The lack of information about adjacent African cultures, their lack of written languages, and the strong formative influence of classical studies and the Bible, when combined with the racist assumptions of the society in which early Egyptologists lived, resulted in a very strong eurocentric bias in Egyptology at the most basic levels. This Eurocentrism has been pointed out by the Afrocentrists, and the reexamination of many of these fundamental questions that is currently taking place in the field is to some degree attributable to their influence.
Not all effects of Afrocentrism are equally useful, however. The movement has many problematic aspects. Afrocentrists, too, are products of the Western intellectual tradition, and they have usually adopted the values of Western culture no less than the Egyptologists they criticize. Indeed, the very focus of Nile-Valley Afrocentrists on Egyptian culture betrays their acceptance of the Western tradition that admires Egypt but neglects most other African cultures. There is also the problem of Afrocentrism's assumption that the African continent is the only logical geographical category to which Egypt can belong, when in fact “Africa” is largely an arbitrary, modern Western conceptual category no less arbitrary than the category of race. The Egyptians saw themselves as surrounded by three peoples: the “Asiatics” (a broad category encompassing all the cultures to the north and east), the Libyans, and the Nubians. There is no evidence that the Egyptians defined themselves as “African” or felt themselves more closely connected to their Libyan or Nubian neighbors than to their neighbors in Western Asia or (later) Europe. The concept of “Africa” that groups Egypt geographically with other African cultures and separates it from “Western Asia” or “Asia” is only an artifact of the Western concept of “continents.”
Other problems with Afrocentrism are methodological. Because the real impetus behind Afrocentric contentions is the hope that people of African descent will better appreciate the achievements of their people, the analyses of Egyptian evidence tend to emphasize (and sometimes exaggerate) evidence that suggests the superiority of Egyptian developments in ethics, technology, politics, philosophy, and the like. Evidence that would argue against these claims is disparaged and, if possible, discredited. Such tendentious reasoning obviously is undesirable in scholarship.
Despite these flaws, the Afrocentric approach has considerable currency in modern education, particularly in elementary education in the United States, usually in areas with large African-American populations. The curriculum most often taken as a model is the Portland Baseline Essays, a collection of materials that was prepared for the school system in Portland, Oregon. Many of these materials, particularly the science sections, are seriously flawed, but they have sometimes been adopted, nonetheless, in the belief that the increased self-esteem of the African-American students and their consequent improved levels of achievement will outweigh the inaccuracies of the materials.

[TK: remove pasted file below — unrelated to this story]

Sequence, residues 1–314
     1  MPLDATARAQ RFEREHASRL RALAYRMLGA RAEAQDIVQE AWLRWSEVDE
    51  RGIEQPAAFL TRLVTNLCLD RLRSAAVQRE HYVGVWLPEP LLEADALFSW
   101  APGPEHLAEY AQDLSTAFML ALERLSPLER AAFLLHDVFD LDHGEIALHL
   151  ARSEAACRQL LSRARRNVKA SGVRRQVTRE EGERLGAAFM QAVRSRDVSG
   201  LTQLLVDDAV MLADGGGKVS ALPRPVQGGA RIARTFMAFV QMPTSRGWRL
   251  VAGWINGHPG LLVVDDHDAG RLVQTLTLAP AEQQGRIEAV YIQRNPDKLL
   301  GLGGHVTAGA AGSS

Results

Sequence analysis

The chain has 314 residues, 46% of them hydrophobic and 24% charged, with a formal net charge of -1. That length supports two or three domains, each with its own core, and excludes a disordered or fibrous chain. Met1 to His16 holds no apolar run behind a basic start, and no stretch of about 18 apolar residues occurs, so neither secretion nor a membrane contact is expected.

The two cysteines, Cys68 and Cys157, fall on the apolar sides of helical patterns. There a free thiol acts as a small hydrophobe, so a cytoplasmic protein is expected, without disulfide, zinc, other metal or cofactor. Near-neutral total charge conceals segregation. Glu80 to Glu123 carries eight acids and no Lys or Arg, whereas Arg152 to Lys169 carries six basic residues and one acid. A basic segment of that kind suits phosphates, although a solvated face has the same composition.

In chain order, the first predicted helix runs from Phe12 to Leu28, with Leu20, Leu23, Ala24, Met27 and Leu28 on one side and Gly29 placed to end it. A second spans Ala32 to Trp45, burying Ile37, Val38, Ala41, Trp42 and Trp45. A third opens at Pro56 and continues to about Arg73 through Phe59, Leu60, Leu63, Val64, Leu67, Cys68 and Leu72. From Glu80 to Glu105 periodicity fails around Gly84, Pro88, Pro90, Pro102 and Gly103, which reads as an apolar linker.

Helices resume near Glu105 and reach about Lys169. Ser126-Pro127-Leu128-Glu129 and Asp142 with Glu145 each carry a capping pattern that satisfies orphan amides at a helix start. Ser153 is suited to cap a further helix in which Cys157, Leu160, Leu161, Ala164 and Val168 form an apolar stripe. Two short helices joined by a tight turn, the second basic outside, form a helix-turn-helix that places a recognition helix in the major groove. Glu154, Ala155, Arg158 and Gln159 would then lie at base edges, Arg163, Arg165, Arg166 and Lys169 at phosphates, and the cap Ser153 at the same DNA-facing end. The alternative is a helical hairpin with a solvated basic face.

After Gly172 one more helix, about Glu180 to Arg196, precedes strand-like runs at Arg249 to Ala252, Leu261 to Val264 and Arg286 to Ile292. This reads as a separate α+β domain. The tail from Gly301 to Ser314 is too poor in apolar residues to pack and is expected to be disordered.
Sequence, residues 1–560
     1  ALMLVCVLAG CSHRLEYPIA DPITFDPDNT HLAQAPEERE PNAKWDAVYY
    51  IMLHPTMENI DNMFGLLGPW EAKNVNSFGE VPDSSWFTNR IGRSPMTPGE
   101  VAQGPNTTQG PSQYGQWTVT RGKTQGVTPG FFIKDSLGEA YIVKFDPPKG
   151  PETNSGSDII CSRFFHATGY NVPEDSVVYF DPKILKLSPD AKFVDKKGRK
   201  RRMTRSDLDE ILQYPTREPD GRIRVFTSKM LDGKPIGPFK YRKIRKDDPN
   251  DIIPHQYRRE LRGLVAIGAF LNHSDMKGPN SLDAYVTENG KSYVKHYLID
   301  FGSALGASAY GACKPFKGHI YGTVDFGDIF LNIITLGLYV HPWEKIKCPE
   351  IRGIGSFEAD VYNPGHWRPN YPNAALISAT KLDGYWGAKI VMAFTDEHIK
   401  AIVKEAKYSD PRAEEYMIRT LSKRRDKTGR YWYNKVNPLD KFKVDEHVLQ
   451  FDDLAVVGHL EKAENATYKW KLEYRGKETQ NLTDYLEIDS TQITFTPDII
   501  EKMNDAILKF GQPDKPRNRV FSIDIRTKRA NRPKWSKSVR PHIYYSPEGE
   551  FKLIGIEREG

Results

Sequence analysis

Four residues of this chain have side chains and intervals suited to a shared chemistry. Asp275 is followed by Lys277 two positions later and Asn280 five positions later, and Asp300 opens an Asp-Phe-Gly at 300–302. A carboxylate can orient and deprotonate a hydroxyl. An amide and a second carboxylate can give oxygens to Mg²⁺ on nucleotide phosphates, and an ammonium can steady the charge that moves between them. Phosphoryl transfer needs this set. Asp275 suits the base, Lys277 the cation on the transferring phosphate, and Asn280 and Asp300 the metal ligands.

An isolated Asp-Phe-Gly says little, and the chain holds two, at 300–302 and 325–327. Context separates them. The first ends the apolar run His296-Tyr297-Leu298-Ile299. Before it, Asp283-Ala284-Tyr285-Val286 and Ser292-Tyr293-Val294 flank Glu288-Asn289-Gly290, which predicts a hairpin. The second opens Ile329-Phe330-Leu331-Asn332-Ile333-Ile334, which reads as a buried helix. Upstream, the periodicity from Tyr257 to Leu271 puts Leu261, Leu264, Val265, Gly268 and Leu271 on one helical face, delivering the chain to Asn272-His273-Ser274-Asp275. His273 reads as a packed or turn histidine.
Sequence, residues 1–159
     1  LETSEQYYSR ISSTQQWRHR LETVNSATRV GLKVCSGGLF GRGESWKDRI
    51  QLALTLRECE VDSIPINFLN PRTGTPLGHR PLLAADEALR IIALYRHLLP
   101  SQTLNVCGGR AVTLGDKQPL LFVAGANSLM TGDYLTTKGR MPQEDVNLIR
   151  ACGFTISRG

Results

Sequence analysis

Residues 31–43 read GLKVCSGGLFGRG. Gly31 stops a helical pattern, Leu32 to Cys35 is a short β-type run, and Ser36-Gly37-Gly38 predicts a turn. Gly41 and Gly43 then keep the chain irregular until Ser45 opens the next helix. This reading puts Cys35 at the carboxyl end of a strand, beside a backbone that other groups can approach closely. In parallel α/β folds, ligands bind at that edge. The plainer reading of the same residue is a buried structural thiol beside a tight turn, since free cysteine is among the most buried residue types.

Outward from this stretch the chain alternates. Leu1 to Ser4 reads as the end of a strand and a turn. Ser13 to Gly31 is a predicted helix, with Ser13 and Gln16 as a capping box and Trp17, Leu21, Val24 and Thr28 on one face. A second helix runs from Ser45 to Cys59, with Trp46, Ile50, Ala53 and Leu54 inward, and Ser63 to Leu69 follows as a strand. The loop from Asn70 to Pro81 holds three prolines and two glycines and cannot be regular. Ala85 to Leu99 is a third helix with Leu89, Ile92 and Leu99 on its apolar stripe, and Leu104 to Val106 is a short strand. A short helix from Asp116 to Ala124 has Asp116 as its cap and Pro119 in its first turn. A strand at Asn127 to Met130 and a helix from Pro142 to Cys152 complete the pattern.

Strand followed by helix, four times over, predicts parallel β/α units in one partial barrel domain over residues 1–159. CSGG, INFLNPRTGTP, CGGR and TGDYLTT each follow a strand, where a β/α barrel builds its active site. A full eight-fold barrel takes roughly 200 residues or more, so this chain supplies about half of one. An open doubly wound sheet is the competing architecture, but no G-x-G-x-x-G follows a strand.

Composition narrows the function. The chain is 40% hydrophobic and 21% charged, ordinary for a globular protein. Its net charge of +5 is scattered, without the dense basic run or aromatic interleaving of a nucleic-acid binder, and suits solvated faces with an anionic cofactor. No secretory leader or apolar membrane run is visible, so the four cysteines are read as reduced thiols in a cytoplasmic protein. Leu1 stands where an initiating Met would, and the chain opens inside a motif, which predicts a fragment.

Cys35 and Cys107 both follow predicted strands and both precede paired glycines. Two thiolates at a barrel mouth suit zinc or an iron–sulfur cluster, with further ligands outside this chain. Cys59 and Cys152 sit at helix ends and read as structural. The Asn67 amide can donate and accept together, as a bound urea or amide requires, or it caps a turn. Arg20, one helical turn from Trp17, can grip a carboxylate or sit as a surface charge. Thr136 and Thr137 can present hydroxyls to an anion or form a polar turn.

The ultimate role that Afrocentrism will play in the field of Egyptology is yet to be decided. A positive and stimulating synthesis will be possible only to the degree that Egyptologists and Afrocentrists are willing to be open-minded and work together in accordance with accepted scholarly standards.
- Adams, Russell. “African-American Studies and the State of the Art.” In Africana Studies: A Survey of Africa and the African Diaspora, edited by Mario Azevdo, pp. 25–45. Durham, N. C., 1993. The author distinguishes and describes various types of Afrocentrism in addition to what he calls “Nile Valley Afrocentrism.”
- Bernal, Martin. Black Athena: The Afroasiatic Roots of Classical Civilization. 2 vols. New Brunswick, N.J., 1987–1991.
- Diop, Cheik Anta. “The Origin of the Ancient Egyptians.” In General History of Africa II: Ancient History of Africa, edited by G. Mokhtar, pp. 27–57. Paris, 1981. A summary of many of Diop's positions.
- Haarmann, Ulrich. “Regional Sentiment in Medieval Islamic Egypt.” Bulletin of the Society for Oriental and African Studies 43 (1980), 55–66. A study of medieval Egyptian attitudes toward the pharaonic past, including the episode of the damage to the Sphinx.
- James, George. Stolen Legacy. New York, 1954. A problematic work much cited by Afrocentrists, claiming that Greek philosophy was taken from Egypt.
- Lefkowitz, Mary, and Guy Rodgers, eds. Black Athena Revisited. Chapel Hill, N. C., and London, 1996. Essays criticizing the claims of Martin Bernal's Black Athena.
- Roth, Ann Macy. “Building Bridges to Afrocentrism: A Letter to my Egyptological Colleagues.” Newsletter of the American Research Center in Egypt 167 and 168 (1995), 1, 14–17 and 1, 12–15.
- Shinnie, P. L. “The Legacy to Africa”. The Legacy of Egypt, edited by J. R. Harris, pp. 435–455. Oxford, 1971.
- von Sertima, Ivan, ed. Egypt Revisited. New Brunswick and London, 1989. A collection of essays (many reprinted from other sources) by authors writing from Afrocentric positions or whose views accord with Afrocentrism.
Ann Macy Roth